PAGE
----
Nancy Ewancio-Irons




I was 25 years old at the time living with my sister in Staten Island. I had just moved back to the island from Boston and was looking for a job. My brother-in-law saw the ad and passed it along. The interview was held at George Washington bridge and I got the job.

I was hired and part of the first group of civilian women toll collectors for Staten Island. There were several weeks of training, yes weeks! The training was more of an etiquette class than having anything to do with collecting tolls. We were taught to walk properly, dress properly -- with white gloves, skirts, makeup, perfume, high-heels, and even told to wear the right jewelry. They taught us how to stand properly and made us practice, standing was required for our eight-hour shifts.

The first bridge I was assigned was the Bayonne bridge, where I collected tolls from people on both sides, coming from New Jersey and leaving New York. It was early morning when I was working in 1970 that the toll was changed to only one way. I remember that day and the confusion everyone had with the change...but over the past half a century the changes were far bigger than I could imagine. THE TOLL WAS LESS THAN .50 CENTS WHEN I STARTED!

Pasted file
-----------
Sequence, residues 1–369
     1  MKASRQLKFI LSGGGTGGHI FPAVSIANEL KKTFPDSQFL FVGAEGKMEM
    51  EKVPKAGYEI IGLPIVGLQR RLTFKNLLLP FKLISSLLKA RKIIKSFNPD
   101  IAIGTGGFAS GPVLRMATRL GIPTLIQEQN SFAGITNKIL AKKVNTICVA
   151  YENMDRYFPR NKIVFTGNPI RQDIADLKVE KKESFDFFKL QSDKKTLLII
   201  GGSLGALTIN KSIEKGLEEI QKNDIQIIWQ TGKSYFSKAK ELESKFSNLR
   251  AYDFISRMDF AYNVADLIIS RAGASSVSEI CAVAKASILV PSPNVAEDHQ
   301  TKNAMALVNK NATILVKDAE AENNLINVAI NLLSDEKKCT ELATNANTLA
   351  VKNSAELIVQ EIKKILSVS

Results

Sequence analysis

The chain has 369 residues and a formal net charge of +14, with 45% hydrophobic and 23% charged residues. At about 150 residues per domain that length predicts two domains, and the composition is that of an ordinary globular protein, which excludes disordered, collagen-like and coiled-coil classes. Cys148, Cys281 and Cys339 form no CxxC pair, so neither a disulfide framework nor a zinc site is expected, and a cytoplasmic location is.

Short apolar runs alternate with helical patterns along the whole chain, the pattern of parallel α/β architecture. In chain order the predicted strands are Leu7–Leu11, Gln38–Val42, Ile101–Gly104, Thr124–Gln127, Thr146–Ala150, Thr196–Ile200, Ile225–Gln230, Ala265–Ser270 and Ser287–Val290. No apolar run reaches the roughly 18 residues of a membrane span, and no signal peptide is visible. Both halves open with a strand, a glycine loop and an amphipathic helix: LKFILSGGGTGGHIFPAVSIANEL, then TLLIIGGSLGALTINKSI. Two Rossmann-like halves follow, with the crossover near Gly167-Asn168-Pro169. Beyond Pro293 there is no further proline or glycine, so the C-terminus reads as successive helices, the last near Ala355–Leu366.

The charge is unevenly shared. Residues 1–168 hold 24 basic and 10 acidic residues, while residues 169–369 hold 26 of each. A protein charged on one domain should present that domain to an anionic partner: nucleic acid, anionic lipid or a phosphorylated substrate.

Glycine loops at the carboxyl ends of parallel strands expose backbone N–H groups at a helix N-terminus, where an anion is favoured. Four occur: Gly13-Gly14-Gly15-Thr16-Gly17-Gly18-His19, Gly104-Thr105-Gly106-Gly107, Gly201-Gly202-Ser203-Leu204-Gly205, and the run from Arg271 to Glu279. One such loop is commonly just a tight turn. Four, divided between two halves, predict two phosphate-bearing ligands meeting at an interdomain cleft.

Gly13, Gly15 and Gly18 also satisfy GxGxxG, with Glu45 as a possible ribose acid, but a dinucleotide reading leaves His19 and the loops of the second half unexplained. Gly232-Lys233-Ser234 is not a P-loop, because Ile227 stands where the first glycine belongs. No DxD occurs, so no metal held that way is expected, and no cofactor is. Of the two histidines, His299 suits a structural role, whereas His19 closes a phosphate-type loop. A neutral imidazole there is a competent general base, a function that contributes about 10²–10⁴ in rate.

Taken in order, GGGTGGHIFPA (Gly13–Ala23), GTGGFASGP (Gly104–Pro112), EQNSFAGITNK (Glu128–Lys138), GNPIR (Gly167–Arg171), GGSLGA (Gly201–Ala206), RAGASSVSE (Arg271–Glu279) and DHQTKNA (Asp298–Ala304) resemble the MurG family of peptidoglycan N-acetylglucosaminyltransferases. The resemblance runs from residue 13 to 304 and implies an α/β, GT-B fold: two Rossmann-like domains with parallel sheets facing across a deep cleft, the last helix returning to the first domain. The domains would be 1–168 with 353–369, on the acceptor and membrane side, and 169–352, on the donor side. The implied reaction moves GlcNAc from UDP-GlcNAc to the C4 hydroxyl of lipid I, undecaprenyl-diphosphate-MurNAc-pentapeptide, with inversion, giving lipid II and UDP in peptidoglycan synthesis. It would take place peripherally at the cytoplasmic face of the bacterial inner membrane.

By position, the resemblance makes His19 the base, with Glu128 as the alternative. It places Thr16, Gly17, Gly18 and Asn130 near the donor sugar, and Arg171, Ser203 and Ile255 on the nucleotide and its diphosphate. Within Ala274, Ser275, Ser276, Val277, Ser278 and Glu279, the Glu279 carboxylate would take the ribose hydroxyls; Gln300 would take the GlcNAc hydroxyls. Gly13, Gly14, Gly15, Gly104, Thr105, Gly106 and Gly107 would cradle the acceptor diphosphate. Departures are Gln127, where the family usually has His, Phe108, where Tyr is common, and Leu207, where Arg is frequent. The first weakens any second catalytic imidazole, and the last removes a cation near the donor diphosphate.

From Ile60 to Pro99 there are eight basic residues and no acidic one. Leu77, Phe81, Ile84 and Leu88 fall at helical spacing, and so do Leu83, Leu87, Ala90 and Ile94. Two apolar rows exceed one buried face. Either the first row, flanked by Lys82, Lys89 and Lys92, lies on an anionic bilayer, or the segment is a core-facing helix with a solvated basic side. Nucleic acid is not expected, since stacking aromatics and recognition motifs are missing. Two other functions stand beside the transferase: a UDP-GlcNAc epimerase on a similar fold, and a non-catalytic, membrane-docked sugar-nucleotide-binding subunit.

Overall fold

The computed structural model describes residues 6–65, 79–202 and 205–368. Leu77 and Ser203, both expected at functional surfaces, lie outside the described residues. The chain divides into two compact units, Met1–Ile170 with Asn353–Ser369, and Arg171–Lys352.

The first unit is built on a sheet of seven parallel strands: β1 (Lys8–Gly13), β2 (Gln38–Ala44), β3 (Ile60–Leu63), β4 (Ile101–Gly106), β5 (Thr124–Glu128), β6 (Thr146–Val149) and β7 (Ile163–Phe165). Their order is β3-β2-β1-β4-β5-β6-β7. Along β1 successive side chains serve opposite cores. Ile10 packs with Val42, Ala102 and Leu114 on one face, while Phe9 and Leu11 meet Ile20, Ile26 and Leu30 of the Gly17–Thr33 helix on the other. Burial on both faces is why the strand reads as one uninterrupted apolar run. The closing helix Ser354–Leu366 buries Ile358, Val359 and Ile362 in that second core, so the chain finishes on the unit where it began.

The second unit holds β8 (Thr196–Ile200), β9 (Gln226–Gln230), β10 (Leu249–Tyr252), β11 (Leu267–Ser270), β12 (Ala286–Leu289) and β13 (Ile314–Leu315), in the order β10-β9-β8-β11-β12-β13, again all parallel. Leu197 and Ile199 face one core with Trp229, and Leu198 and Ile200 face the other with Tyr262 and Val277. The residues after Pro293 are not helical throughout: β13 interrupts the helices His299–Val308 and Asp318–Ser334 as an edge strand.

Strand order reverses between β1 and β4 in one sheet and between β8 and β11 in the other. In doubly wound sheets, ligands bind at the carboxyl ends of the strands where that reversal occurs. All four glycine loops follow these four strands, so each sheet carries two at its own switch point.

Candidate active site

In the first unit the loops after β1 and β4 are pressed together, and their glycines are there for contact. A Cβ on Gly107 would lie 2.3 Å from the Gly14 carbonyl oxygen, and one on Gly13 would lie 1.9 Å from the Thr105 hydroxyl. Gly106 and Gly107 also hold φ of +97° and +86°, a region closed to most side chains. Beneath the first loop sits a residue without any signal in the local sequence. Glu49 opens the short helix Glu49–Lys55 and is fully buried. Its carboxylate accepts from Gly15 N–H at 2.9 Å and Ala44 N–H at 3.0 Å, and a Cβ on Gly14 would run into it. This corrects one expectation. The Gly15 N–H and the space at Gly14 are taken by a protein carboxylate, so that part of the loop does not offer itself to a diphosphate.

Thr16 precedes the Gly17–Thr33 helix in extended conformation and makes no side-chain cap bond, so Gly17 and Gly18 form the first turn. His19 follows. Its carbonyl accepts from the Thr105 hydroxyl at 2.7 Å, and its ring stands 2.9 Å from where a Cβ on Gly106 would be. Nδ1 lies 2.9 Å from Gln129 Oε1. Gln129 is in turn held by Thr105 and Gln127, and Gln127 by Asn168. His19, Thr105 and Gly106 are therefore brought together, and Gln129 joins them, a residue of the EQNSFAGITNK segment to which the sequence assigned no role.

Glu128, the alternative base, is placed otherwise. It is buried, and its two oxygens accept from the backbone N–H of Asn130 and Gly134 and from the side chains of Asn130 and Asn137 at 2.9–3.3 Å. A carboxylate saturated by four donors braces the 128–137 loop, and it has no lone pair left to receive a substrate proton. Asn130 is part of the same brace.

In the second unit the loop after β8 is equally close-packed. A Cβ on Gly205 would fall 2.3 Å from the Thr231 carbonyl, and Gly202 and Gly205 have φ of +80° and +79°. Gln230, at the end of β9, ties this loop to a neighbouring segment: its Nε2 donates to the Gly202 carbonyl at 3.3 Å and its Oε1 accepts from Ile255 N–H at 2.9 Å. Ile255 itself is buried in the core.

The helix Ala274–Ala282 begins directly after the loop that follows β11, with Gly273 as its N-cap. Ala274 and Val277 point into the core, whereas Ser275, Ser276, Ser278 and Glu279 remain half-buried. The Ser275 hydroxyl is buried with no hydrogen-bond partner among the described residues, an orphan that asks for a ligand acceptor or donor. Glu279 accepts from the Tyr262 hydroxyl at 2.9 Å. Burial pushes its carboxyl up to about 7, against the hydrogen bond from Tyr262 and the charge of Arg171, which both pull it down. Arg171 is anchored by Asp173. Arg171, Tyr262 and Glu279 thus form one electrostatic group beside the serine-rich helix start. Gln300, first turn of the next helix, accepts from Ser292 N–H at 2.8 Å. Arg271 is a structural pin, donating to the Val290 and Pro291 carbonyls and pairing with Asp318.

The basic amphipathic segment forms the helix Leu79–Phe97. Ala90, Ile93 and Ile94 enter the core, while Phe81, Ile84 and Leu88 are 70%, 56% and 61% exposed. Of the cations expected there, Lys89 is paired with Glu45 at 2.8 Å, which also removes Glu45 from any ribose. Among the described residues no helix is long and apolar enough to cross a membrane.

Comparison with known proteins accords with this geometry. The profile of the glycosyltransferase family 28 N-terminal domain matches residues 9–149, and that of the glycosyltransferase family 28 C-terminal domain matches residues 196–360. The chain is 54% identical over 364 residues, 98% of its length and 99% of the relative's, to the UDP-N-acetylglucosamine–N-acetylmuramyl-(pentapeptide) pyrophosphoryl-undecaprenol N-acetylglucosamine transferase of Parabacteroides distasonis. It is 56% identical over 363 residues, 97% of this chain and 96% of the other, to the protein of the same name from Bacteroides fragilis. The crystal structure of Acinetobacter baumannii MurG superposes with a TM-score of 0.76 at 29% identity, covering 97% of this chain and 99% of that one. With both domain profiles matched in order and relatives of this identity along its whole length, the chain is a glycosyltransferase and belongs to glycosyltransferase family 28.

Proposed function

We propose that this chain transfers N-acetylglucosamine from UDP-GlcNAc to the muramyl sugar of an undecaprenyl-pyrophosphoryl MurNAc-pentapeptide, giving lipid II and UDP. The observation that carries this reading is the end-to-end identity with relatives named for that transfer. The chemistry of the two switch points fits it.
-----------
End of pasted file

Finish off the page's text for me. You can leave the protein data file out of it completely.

Us women from those early years walked the picket line for pay and benefits, filled the board meetings in the World Trade Center with raucous protesting, fought for our rights to maintain our jobs when we were married and had children (I was the first to get married and have children while working) and we became a close group.

I loved my job, enjoyed all the people I worked with, and brightened the days of the regular customers. Some of my fondest memories are of my job and the amazing people! Being a toll collector paid for my house, for my children to go to college, gave me great medical and dental benefits and a retirement that still leaves me, now in my 80s and a survivor of several cancers, comfortable.

Today my grandchildren do not understand having to stop at a toll lane to pay a toll, the entire job has all but faded away and been replaced with technology. The booths we worked in, offices, break rooms demolished. Even some of the bridges have been replaced and the central offices in the World Trade Center where I would visit some of the women who rose up the ranks at the Port of Authority after I retired were taken away -- but the memories remain good and strong.



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